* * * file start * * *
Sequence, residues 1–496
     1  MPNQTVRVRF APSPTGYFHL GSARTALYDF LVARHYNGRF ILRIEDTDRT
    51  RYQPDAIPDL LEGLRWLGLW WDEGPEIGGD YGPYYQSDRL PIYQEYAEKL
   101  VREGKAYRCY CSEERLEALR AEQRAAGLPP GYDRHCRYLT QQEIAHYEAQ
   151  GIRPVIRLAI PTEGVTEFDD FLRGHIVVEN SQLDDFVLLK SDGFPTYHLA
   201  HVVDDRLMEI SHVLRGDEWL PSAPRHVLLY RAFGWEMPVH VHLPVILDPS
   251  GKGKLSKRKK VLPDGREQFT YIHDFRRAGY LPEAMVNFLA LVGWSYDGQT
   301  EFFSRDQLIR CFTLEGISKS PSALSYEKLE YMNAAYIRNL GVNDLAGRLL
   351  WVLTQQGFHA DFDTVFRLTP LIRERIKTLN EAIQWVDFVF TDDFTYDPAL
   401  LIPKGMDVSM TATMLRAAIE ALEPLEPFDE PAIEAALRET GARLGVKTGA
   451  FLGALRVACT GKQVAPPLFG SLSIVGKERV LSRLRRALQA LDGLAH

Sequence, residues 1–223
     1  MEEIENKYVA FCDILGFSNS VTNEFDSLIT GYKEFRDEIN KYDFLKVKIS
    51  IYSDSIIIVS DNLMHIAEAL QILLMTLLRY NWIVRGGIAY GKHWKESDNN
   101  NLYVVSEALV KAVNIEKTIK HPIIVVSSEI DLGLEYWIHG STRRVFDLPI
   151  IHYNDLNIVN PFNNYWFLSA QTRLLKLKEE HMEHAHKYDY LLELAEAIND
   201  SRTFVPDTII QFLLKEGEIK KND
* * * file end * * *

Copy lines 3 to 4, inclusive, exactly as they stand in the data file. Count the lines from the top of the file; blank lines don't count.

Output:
    51  RYQPDAIPDL LEGLRWLGLW WDEGPEIGGD YGPYYQSDRL PIYQEYAEKL
   101  VREGKAYRCY CSEERLEALR AEQRAAGLPP GYDRHCRYLT QQEIAHYEAQ